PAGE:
"Startup America is really much bigger than the individual initiative. It's a cross-administration and nationwide call to action for leaders of all sectors and industries to come together around entrepreneurs and help them win the future," said Small Business Administration Administrator Karen Mills in a conference call with reporters.
The SBA will direct $2 billion to match capital from private sector investors who fund small firms that are in under-served communities or work in high growth areas like clean energy technology.
Mills said the money would be directed through the SBA's existing investment programs and the applicants would be mostly traditional investors and venture capitalists.
Intel has already pledged $200 million for investments in U.S. firms, while IBM ($150 million) and HP ($4 million) also promised funding for programs aimed at encouraging entrepreneurs.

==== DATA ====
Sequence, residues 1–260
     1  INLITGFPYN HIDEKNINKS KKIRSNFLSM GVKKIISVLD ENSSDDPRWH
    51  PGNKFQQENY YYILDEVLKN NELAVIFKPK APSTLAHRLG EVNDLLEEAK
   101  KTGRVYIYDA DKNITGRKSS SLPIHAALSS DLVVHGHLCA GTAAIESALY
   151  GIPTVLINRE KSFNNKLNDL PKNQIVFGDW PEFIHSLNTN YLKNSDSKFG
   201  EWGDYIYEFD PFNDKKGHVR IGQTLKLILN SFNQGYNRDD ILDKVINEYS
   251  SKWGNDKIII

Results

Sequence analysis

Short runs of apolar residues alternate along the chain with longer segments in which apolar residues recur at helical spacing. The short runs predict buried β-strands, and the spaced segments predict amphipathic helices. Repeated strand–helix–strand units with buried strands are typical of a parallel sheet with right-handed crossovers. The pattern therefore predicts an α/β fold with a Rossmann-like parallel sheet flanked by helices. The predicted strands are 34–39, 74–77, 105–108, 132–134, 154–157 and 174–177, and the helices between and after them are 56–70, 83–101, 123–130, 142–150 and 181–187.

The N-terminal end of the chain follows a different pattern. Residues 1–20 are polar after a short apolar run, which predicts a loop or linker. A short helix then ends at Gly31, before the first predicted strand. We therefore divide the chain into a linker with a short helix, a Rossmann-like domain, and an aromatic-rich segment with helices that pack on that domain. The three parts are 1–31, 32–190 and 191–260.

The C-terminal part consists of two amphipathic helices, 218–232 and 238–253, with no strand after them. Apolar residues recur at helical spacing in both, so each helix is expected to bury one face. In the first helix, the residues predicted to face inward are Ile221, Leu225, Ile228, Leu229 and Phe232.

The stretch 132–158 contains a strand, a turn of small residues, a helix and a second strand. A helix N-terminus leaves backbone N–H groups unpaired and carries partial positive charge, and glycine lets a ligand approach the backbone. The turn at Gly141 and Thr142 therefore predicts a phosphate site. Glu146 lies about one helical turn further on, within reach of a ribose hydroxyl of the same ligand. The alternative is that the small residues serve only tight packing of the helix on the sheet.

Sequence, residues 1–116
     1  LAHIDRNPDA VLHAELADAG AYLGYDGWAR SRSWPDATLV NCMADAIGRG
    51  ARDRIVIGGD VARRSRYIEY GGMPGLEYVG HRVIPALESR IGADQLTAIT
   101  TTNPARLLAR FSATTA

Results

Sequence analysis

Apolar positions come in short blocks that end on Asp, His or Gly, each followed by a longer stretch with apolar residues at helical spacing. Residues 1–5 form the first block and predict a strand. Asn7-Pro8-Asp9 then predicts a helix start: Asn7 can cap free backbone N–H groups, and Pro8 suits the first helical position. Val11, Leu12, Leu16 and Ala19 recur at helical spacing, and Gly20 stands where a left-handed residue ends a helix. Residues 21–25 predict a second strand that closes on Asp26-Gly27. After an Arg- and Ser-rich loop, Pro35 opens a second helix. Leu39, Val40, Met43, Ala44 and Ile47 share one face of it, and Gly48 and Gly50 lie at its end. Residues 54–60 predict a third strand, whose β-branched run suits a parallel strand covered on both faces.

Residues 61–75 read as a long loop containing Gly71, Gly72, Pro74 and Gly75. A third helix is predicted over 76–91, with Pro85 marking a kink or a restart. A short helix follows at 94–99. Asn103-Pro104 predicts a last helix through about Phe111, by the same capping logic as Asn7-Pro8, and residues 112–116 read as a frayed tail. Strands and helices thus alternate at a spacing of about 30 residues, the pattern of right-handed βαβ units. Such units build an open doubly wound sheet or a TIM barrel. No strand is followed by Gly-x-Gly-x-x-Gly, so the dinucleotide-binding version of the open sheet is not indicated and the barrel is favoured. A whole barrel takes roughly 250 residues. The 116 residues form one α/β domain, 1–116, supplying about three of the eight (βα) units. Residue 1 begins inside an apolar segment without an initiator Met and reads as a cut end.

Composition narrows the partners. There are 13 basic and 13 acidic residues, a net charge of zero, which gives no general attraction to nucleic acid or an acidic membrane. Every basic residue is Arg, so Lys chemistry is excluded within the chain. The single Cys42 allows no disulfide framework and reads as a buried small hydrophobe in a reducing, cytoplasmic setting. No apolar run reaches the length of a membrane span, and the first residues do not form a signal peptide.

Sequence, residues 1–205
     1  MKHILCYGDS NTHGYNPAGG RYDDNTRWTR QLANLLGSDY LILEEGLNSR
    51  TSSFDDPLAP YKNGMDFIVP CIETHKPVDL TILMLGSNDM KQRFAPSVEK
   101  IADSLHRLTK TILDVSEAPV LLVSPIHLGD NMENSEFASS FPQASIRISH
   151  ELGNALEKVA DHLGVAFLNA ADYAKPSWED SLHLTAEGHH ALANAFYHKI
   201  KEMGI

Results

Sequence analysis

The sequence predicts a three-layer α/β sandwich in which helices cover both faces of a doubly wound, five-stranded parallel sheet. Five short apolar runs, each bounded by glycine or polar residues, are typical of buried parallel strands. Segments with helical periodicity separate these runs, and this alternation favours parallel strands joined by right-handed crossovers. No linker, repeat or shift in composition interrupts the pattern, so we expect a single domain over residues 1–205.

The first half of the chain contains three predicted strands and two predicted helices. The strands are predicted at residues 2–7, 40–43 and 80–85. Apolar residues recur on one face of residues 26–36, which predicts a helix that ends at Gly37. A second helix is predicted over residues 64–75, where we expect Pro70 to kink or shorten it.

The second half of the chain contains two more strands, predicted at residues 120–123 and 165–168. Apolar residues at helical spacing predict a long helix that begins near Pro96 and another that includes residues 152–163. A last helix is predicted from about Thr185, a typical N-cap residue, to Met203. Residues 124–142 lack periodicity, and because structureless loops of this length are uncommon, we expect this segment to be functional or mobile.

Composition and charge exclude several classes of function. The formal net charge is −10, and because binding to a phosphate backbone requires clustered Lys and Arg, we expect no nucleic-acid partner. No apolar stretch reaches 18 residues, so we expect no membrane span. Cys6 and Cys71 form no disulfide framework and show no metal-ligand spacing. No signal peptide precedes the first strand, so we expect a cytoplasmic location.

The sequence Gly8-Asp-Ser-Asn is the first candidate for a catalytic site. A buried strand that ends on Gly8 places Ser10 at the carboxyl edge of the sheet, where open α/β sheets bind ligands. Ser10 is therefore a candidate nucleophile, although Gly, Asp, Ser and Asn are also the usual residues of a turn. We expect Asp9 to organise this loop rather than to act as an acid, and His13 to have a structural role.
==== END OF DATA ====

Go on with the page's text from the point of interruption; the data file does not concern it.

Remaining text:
The SBA is also partnering with the Department of Energy to expand mentorship programs that link young firms with experienced entrepreneurs in their local communities, again focusing on clean energy and technology startups.
AOL co-founder Steve Case will be leading the public-private partnership, which will also include an advisory council of technology industry leaders. SBA will partner with a number of startup mentorship and accelerator programs including TechStars, considered a leader in the field.
Commerce Secretary Gary Locke also detailed a new program that will allow technology entrepreneurs who need patents to secure funding to obtain a patent within a year, rather than the three years it takes currently.